Pakistan wants Facebook, Twitter to help it combat blasphemy
ISLAMABAD (AP) — Pakistan said Thursday it has asked Facebook and Twitter to help it identify Pakistanis suspected of blasphemy so that it can prosecute them or pursue their extradition.
Under Pakistan’s strict blasphemy laws, anyone found to have insulted Islam or the Prophet Muhammad can be sentenced to death.
Interior Minister Chaudhry Nisar Ali Khan said an official in Pakistan’s Washington embassy has approached the two social media companies in an effort to identify Pakistanis, either within the country or abroad, who recently shared material deemed offensive to Islam.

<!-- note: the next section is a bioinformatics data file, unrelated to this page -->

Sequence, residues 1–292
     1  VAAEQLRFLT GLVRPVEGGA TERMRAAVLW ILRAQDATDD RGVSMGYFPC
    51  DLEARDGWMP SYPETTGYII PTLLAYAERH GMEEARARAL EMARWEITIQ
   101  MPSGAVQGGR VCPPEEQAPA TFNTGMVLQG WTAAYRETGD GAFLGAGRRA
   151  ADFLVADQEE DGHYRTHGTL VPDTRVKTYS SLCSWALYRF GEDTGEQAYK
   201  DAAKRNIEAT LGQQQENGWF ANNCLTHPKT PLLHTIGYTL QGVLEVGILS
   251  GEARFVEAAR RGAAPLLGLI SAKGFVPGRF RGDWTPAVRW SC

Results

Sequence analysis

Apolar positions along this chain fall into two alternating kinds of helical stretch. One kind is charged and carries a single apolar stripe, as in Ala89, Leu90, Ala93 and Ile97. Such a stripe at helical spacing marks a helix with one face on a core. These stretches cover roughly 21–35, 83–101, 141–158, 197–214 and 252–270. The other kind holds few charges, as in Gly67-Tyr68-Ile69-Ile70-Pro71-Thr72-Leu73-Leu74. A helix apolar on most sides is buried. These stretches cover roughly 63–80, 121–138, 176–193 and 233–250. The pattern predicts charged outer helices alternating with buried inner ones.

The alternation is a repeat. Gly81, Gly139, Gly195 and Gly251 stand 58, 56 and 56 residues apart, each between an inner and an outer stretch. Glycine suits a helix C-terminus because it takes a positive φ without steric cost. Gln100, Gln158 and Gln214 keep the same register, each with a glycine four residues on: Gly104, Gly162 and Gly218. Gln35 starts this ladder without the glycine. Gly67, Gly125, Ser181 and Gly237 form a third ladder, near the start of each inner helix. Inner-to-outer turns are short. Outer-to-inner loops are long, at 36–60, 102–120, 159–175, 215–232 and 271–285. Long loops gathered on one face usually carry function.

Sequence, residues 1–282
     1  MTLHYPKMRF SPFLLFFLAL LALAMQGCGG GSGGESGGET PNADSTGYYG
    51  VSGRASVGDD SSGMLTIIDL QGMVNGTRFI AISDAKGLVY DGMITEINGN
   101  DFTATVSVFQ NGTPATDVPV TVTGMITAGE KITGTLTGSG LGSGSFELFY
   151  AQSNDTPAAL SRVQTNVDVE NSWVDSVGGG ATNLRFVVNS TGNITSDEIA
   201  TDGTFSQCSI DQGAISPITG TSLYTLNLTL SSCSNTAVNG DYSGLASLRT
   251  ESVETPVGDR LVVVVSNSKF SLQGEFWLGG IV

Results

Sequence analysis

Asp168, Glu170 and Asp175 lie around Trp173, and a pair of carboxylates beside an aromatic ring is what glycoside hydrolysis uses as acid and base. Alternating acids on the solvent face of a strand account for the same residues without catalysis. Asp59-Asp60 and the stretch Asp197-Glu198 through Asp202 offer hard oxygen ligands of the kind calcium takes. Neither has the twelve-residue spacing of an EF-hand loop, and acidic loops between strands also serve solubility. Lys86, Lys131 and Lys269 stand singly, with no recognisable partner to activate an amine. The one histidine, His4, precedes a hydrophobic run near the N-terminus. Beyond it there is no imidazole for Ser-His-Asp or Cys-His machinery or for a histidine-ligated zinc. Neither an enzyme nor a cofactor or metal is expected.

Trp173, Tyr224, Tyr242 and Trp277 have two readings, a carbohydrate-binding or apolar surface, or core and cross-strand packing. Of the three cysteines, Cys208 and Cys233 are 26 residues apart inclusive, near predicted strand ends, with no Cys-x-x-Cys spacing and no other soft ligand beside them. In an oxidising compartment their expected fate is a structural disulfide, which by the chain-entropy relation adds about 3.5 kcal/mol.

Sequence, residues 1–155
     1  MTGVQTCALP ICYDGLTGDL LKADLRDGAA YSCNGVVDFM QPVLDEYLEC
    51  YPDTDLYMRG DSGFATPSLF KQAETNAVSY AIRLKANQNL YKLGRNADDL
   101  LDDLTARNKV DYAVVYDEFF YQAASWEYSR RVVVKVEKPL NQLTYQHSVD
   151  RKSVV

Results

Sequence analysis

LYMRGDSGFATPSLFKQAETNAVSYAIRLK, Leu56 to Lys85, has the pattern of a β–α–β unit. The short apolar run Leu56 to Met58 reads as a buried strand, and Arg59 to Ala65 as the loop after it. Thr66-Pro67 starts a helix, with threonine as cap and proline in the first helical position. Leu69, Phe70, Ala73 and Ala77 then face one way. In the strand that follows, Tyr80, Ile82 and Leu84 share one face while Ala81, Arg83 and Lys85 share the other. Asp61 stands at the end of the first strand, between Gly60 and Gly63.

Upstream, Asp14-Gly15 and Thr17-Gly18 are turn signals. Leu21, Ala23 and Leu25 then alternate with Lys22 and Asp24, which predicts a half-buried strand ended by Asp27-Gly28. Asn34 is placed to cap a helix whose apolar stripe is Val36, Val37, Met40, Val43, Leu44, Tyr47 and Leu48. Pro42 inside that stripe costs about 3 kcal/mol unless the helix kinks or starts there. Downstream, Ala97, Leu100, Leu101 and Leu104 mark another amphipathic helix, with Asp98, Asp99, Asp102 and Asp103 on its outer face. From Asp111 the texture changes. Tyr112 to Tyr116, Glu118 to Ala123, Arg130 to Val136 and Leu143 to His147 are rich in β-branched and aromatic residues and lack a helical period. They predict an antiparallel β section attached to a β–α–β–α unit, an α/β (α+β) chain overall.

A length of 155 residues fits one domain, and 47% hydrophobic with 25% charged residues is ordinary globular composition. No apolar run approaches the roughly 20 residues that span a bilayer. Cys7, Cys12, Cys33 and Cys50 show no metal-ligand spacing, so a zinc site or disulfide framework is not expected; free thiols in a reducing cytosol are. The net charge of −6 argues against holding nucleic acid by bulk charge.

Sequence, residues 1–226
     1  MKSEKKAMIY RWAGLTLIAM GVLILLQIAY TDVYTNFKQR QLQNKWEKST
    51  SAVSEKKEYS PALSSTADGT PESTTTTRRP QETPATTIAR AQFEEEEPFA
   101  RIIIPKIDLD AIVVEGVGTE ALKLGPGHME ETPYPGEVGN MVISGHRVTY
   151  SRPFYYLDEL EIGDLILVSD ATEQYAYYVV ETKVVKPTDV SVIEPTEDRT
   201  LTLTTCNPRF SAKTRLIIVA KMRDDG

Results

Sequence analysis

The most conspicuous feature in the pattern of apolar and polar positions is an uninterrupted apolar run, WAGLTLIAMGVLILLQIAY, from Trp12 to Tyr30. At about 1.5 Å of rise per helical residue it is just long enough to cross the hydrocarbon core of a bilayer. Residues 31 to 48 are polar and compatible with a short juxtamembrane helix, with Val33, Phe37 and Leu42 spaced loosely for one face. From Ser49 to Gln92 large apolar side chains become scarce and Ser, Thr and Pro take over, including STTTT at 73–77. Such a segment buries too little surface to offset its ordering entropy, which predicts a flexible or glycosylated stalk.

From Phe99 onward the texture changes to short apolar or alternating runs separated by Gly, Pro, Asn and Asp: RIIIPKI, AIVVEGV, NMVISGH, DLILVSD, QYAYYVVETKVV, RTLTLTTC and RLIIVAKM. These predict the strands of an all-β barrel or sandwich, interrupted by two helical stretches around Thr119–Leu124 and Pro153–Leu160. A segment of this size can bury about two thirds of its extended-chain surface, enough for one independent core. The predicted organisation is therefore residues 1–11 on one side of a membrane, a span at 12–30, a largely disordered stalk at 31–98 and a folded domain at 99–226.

He said Pakistani authorities have identified 11 people for questioning over alleged blasphemy and would seek the extradition of anyone living abroad.
Facebook said it reviews all government requests carefully, “with the goal of protecting the privacy and rights of our users.”
“We disclose information about accounts solely in accordance with our terms of service and applicable law. A Mutual Legal Assistance Treaty or other formal request may be required for international requests, and we include these in our Government Requests Report,” which is publicized each year, it said in a statement.
Twitter declined to comment.